It is interesting, if somewhat disappointing, for me to read some of the comments here. I am not a fan of this sort of art, first, because it is often above the heads of people, who are not necessarily unintelligent or uninformed–not necessarily.However, given the importance of the issues this raises, I actually went back through my old journal notes to see what I could find of my thinking on Ofili’s work at the Brooklyn Museum and the Jewish Museum’s controversial Mirroring Evil exhibit. From their I searched for entries on the Danish cartoons and on South Park.On the matter of Ofili and the Madonna covered with elephant dung, I found that eleven years ago, I began as I now would have predicted. “It is highly offensive to Catholics. That is enough. Remove it.” There is a slippery slope from here to exhibits of blacks in whiteface, to the sort of comments on Jews that Mark finds acceptable, etc. Given that I am no Christian and that my knowledge of Mariology was even scanter then than it is now, I was unsurprised to find that the rest of what I wrote on the Ofili struggles. Essentially, it focuses on the efforts since the Middle Ages through the Renaissance of some Christians to trouble the Madonna IMAGE, raising questions about myth, idolatry, etc. I found in one entry a reference to a controversial work by Carravaggio (!), who was taken to task on much the same grounds as Ofili.I began to get a sense of what Ofili MAY have been up to. That opened up more questions and still does.Ofili, if he was raising substantive, complex theological points, if these had been explained, could a discussion have opened? Would some of those who had been so offended been willing to listen?More to follow on Jewish Museum exhibit, Danish Cartoons, South Park, slippery slopes, etc.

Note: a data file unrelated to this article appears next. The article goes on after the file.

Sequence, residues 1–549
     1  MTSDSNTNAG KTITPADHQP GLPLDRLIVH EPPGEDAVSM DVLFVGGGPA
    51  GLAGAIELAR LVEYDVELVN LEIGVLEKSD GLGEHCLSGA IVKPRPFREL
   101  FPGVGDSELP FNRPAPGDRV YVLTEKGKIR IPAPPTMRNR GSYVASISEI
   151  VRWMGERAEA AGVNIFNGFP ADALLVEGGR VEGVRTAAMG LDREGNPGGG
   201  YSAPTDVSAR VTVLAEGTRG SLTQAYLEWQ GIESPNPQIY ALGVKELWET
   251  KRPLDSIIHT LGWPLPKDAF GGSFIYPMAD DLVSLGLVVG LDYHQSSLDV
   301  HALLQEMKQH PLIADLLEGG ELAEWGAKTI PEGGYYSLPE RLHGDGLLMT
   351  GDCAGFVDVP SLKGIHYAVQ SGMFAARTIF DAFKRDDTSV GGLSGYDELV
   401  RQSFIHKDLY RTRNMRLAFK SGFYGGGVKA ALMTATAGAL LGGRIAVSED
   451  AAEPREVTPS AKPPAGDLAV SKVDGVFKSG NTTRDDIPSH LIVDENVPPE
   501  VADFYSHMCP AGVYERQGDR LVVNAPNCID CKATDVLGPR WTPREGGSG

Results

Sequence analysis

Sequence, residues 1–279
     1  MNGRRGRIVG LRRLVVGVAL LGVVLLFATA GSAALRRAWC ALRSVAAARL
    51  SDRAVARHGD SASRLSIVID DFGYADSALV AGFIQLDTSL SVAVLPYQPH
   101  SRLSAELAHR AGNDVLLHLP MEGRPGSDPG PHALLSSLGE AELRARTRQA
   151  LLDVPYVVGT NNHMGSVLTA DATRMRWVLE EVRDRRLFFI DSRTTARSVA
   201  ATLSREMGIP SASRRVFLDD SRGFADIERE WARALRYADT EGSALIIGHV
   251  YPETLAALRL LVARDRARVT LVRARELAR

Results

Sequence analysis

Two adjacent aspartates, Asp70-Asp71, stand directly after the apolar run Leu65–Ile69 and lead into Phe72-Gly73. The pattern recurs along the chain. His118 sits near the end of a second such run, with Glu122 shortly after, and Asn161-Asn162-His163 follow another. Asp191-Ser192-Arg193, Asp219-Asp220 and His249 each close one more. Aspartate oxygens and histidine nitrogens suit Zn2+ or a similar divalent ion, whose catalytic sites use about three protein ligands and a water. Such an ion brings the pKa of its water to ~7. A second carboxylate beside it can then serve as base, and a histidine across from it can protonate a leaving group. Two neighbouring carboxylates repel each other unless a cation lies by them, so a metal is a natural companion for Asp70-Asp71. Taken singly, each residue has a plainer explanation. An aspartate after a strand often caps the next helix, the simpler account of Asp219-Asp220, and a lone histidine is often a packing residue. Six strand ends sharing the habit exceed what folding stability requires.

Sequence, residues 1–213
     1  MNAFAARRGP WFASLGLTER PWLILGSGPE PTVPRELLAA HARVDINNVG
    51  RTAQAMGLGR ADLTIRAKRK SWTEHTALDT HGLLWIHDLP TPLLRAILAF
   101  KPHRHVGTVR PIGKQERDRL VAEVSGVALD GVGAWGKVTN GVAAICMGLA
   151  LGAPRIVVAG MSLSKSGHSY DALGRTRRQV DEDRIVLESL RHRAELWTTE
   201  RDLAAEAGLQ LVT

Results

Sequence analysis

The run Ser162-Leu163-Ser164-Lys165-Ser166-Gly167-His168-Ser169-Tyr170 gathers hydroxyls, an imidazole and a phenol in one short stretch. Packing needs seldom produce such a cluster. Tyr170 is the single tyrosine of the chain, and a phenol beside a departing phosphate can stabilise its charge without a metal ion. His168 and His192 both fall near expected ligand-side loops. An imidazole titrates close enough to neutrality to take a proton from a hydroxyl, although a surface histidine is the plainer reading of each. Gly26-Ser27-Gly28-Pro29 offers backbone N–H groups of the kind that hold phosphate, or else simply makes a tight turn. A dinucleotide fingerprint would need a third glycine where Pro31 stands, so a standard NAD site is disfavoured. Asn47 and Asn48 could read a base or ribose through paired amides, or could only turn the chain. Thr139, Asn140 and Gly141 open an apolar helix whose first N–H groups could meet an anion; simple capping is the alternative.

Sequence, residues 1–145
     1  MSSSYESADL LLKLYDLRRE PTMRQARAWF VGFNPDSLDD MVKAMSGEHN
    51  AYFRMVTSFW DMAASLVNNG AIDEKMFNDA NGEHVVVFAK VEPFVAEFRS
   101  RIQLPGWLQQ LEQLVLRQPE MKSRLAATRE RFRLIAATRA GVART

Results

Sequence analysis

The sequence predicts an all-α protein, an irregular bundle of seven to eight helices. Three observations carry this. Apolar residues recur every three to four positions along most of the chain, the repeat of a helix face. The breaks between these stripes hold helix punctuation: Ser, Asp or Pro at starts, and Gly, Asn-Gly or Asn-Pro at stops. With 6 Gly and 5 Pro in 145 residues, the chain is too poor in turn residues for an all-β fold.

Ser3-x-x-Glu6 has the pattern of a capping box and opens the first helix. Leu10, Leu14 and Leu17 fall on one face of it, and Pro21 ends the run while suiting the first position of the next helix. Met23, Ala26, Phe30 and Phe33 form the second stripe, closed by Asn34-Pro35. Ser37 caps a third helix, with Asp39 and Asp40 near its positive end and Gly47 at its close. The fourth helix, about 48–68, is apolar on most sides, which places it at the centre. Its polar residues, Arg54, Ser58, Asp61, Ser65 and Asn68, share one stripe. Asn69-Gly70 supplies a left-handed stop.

• FarnazMansouri2

    ADDENDUM to previous post: Question: Should the works of Richard Rolle (homoeroticism) and Marjerie Kempe (heteroeroticism) be removed from all publicly funded institutions, removed along with the “Cloud of Unknowing” (heteroeroticism) and a number of Donne’s Holy Sonnets (homoeroticsism)?Not rhetorical questions. Surely, it will not be necessary for me to say that the age of these texts, the value scholars have historically attached to them, do NOT give them “sacrality,” do NOT make them immune to the Boehners of this world. The newness of the work to which Boehner objected was not at issue for him, nor has it been at issue for those who support him.Bear in mind, too, please, that the older works I listed are merely examples, drawn from far-ranging and ancient traditions.

  • WmarkW

    There is a slippery slope from here to exhibits of blacks in whiteface, to the sort of comments on Jews that Mark finds acceptable, etc. I made the distinction that making remarks about Jews as an ethnic group is not acceptable, but the tenets of the Jewish faith are as fair game as any other philosophical belief.

  • WmarkW

    I could have written, “widens the opening for such racist remarks as those Mark MAKES about the ‘tenets of the Jewish faith.'”But what you call the slippery slope is exactly the issue I was discussing earlier. Generally the same people who staunchly stand for the “right of art to offend” are just as staunchly in favor of codes against offensive speech. What are the principles involved in the distinction? To many conservatives, they seem to boil down to whether the subject belongs to a Democratic party leaning constituency: blacks, Hispanics, women, Jews or gays.

  • FarnazMansouri2